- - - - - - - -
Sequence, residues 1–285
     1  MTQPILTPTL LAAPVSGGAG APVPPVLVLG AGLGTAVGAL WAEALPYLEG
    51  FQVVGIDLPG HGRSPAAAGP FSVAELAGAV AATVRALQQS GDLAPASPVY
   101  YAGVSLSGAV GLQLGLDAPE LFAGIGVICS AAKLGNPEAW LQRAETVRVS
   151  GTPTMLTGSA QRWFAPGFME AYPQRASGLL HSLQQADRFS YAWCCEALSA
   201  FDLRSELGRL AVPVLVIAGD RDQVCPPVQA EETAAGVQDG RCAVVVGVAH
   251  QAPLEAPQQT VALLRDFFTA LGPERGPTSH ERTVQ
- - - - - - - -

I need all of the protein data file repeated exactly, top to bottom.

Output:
Sequence, residues 1–285
     1  MTQPILTPTL LAAPVSGGAG APVPPVLVLG AGLGTAVGAL WAEALPYLEG
    51  FQVVGIDLPG HGRSPAAAGP FSVAELAGAV AATVRALQQS GDLAPASPVY
   101  YAGVSLSGAV GLQLGLDAPE LFAGIGVICS AAKLGNPEAW LQRAETVRVS
   151  GTPTMLTGSA QRWFAPGFME AYPQRASGLL HSLQQADRFS YAWCCEALSA
   201  FDLRSELGRL AVPVLVIAGD RDQVCPPVQA EETAAGVQDG RCAVVVGVAH
   251  QAPLEAPQQT VALLRDFFTA LGPERGPTSH ERTVQ